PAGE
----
9 04 2009

Email, Facebook: Tanya has added you to her friends list.

Ah, yes, the girl who doesn’t believe in germs.  Well, I don’t have an account with Facebook.  I haven’t talked to her in years, and I probably won’t talk to her again in the near future.  It does bring me back to a day in those early years of childhood, before my sister dragged me off to kindergarten for the first time (oh, what a memory), when we kids had nothing to do but sit around with our feet in the gutter, playing with grass spiders.  My mother told me not to put my feet in the gutter water because it was dirty and full of germs.  So I looked at the neighbor girl askance and told her so.  She sat there with her feet in the water and simply stated that she did not believe in germs.  I was shocked.

“What do you mean, you don’t believe in germs?” I asked.

She replied that she had never seen them, therefore she didn’t believe in them.  I told her that they were too small to be seen, and she replied that everything that exists can be seen.

“But they do exist!” I insisted.

“Then what do they look like?” she asked.

“I don’t know!  I can’t see them, because they’re too small!”

Then she stunned me with the question, “Well, if they’re too small, then what does a pile of germs look like?”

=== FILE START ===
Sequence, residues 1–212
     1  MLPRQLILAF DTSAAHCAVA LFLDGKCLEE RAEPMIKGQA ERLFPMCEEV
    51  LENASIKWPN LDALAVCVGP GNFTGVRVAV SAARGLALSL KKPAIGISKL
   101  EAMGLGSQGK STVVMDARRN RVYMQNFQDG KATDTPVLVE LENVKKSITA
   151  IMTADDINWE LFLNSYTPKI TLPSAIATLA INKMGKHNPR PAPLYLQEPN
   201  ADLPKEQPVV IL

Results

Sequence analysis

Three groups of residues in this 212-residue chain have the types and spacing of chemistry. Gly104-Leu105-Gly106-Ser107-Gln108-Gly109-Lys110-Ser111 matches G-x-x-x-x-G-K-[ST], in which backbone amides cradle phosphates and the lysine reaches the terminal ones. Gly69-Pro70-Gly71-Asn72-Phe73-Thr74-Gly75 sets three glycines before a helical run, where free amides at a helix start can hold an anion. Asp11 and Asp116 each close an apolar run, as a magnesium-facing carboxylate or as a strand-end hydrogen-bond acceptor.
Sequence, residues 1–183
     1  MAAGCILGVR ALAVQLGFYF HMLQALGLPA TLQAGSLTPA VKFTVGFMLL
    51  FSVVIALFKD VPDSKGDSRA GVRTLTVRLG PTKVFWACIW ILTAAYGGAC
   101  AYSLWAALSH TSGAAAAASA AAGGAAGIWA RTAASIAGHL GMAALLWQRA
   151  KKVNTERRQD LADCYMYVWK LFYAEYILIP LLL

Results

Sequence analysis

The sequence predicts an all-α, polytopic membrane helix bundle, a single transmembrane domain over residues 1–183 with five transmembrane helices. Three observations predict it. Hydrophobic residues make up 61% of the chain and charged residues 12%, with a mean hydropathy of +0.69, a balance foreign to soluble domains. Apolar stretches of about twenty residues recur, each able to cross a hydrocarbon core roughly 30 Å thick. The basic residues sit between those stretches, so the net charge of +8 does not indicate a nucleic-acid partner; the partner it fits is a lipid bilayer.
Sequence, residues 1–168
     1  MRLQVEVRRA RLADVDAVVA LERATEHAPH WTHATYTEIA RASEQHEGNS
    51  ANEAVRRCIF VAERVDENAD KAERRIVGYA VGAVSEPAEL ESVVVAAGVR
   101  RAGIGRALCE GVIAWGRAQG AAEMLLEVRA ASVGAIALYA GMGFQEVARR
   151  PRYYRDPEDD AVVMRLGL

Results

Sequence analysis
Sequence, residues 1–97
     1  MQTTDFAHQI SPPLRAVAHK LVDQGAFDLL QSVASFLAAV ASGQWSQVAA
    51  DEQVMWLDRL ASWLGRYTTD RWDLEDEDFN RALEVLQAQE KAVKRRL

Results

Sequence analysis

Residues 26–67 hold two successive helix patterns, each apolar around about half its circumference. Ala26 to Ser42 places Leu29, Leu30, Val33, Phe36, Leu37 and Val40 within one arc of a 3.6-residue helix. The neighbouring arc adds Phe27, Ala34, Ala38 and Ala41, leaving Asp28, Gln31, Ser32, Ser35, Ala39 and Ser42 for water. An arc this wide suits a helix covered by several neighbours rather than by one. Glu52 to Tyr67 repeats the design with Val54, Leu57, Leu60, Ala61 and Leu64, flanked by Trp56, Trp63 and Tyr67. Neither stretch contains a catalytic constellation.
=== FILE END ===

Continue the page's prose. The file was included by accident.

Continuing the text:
A pile?  Yes, a pile.  Theoretically, if there were a big enough pile of germs, then a person could see the pile, if not the germs, themselves.  I was completely stumped.  I ran to my mother and asked her, but she didn’t have an answer.

Darn it.  As irony would have it, I spend every day working with “piles” of germs.  They’re called colonies, actually.  I’m halfway tempted to mail her  petrie dish with some E. coli, or something of the sort, with a trite little note, saying “There’s your pile of germs, you nutty little girl!”  Yeah…maybe not.

Some people don’t think of a good comeback or a witty remark until they’re leaving the party.  Some lie awake all night, thinking of what they should have said.  Me?  I don’t think of the right thing to say until nearly thirty years later.  Half of the posts I’ve written here were originally written over a decade ago, before being re-composed here.

You know…I’d just like to say that not everything that exists can been seen…

…so there!


…and I’m finding no joy in thinking up a sufficient response so far after the fact.  I can see myself in Heaven, pointing at God and shouting at Hell, below, saying, “I told you so!”  It just doesn’t have the same effect, once it’s too late.  Yes, the whole world is going to find out sooner or later how real these things are, of Heaven and Hell, and the powers within and without, but by then the discussion is long over.  Winning the argument no longer matters at that point.  Proving my point brings no satisfaction, then.

I could sit there, surrounded by cultures, and tell my bacteria, “See, I knew you guys were real!”  It just doesn’t have the same effect, you know?




One response

13 04 2009

“Well if there too small, then what does a pile of germs look like?” LOL That’s a great question! And tragically, this same theory is employed by millions who question the existance of God. An eternal Creator who fashioned all that is and took upon himself a body of flesh to save that which was lost. Blessed be the name of Jesus who redeemed us from everlasting death.

Blessings always in Jesus name.


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